STAR TREK & WONDER YEARS. Working on Star Trek was very demanding. There were great moments throughout, and I couldn’t pinpoint just a few. The very best of those working years was what happened off-camera. The crew was wonderful and the actors were hilarious between shots. Robert Beltram (Chakotay) and John Ethan Phillips (Neelix) could riff off each other at a lightning pace — they had the crew in stitches. The Voyager cast would sometimes spontaneously do comic versions of scenes, every line an innuendo, while rehearsing (Director’s went nuts, but when they did this – it was hilarious). Jolene Blaylock (T’Pol) has an infectious smile and loved anything gory and grimy. I watched Robert Duncan McNeil (Lt. Paris) and Roxanne Dawson (Torres) become outstanding directors who work to this day. And Scott Bakula (Archer) had an incredible vision – tell him the lens size and he could adjust his body for the perfect shot without seeing a monitor. Of course I wish we had embraced arch story telling sooner, by the time we did, the numbers were falling. And, like most, I felt the final episode of ST:E was a mistake – would have been a great midseason episode, but not a good final one. Manny Coto had the right approach the ST:E, it shows in the fourth season, and I have had many tell me if the fourth had been the first, they would have stuck with us. As for The Wonder Years (finally available again after much wrangling over music), it was my second show as a DGA Trainee and I wrote an article on the experience for the DGA Magazine. It was a tough show for me because I was learning – total trial by fire. Fred Savage was a doll back then, though! I found out the owner of the house used for the exterior (In Burbank CA) paid his mortgage off on the location fees. I became a master on how to work with kids by the end of my 10 week rotation on the show. But, there is one tale I have always retold from those days: We were shooting in a hilly neighborhood in southwest LA. At the top of the hill a gardener showed up and started mowing. The sound was ruining our shot, so me and the location guy ran UP UP UP the hill to shut the guy down. The gardener was not happy with us – the lawn was in horrible shape, weeds growing up, dandelions everywhere. He yelled at the location guy “I’ve been sick, its been five weeks since I worked on this lawn – I HAVE to do it now – I have too many other places to get done today. No, I won’t stop, I’ll be fired.” The Locations guy offers him $50 (This in 1992 money). “No – I can’t. I can’t lose this house.” He offers $100. “No – no way.” $200. “Okay – but you have to tell the owners YOU stopped me.” Around 5pm a car pulls into the house, The Locations guy runs UP UP UP the hill. He talks to the owners – I watch from a distance. Then he comes back down the hill, winded and looking a little POed. “Did you tell them WE stopped the Gardener?” I ask, he nods. “Are they going to fire the gardener anyway?” “No.” The Locations guy replies in a huff. “They don’t even have a gardener.” And that, my friends, is The Business LA Style.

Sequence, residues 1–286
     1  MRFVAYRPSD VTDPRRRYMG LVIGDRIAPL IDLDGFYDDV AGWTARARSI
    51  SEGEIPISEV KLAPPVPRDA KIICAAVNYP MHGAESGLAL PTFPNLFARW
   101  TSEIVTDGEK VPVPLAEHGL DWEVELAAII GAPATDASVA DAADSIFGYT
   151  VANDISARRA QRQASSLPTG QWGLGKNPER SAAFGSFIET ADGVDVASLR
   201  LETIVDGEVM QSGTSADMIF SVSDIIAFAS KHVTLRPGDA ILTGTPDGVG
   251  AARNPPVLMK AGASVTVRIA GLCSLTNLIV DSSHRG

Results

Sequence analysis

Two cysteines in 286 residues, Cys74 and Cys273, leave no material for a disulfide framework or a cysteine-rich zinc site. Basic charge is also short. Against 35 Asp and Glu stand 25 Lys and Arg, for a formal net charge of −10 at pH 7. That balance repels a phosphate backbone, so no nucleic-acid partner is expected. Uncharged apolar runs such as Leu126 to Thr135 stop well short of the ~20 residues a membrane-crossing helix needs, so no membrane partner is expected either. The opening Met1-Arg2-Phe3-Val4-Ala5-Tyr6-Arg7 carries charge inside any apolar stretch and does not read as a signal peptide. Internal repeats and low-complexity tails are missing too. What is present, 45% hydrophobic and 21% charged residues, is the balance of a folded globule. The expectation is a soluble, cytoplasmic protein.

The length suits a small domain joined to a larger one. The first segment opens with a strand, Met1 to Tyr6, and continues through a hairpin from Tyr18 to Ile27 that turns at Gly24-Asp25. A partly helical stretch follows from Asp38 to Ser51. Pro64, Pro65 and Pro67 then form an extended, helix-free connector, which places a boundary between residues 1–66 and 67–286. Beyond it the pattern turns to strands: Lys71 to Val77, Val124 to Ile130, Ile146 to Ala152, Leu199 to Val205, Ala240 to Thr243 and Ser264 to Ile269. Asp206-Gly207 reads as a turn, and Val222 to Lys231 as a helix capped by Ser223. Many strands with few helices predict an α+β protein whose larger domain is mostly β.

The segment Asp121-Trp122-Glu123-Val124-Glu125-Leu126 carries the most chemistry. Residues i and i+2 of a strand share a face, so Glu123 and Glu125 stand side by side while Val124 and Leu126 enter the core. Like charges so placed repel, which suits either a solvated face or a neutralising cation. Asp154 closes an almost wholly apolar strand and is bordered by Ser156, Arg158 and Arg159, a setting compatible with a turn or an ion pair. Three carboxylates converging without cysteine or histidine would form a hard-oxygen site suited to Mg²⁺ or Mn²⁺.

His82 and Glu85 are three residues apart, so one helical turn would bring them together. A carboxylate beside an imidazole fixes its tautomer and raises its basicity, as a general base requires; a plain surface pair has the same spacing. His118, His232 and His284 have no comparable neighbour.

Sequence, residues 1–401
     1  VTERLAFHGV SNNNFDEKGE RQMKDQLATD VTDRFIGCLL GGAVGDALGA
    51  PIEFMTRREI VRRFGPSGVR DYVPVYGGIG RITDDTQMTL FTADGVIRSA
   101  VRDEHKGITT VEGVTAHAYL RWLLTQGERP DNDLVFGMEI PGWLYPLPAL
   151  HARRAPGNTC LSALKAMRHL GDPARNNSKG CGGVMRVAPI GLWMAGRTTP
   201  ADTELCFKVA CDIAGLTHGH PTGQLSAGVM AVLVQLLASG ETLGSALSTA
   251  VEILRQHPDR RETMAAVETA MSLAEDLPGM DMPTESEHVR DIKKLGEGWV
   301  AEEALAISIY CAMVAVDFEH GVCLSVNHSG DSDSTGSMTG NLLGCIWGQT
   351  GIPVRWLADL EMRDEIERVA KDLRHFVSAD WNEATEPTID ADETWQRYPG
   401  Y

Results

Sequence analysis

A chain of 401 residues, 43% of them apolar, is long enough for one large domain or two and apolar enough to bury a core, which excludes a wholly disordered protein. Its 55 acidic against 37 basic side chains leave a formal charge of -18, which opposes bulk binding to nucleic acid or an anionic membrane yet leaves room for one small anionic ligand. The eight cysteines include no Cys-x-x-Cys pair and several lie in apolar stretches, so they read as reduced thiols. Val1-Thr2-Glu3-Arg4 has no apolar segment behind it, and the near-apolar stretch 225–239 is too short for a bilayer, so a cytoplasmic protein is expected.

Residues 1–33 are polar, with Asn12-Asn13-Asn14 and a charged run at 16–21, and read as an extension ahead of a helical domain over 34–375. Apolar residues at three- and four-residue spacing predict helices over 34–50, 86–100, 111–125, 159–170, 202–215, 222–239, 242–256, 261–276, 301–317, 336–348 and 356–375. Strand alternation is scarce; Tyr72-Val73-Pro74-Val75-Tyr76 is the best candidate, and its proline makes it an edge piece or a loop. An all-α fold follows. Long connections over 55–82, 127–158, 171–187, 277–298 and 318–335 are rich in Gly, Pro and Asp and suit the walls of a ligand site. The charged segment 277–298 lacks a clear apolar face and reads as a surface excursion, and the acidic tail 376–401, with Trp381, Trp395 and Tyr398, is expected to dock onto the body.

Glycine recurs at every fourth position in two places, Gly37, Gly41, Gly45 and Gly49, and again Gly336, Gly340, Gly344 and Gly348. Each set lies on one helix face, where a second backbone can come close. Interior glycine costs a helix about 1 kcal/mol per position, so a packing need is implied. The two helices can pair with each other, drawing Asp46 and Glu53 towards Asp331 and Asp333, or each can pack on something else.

Dave Isbell – Assistant Director of Alumni Professional Enrichment at MSU

Those stories about VD and the gardener had me laughing my head off! Thanks for sharing them. I’d love to sit in on those writing classes you give! I’m curious about your graphic novel writing experiences. I know you have written a comic for Star Trek. Is this a medium that you enjoy working in? Is there a fundamental difference between how you approach writing a comic from how you may draft for the screen? Obviously, comics are a hot item in Hollywood right now. Is there a comic property that hasn’t yet been made that you would like to see translated to the screen? If you could write (or work in film on) for any licensed property, what do you think would be your “dream” project?

Michael DeMeritt – For your Producer, Consultant or AD (DGA) needs at AVAILABLE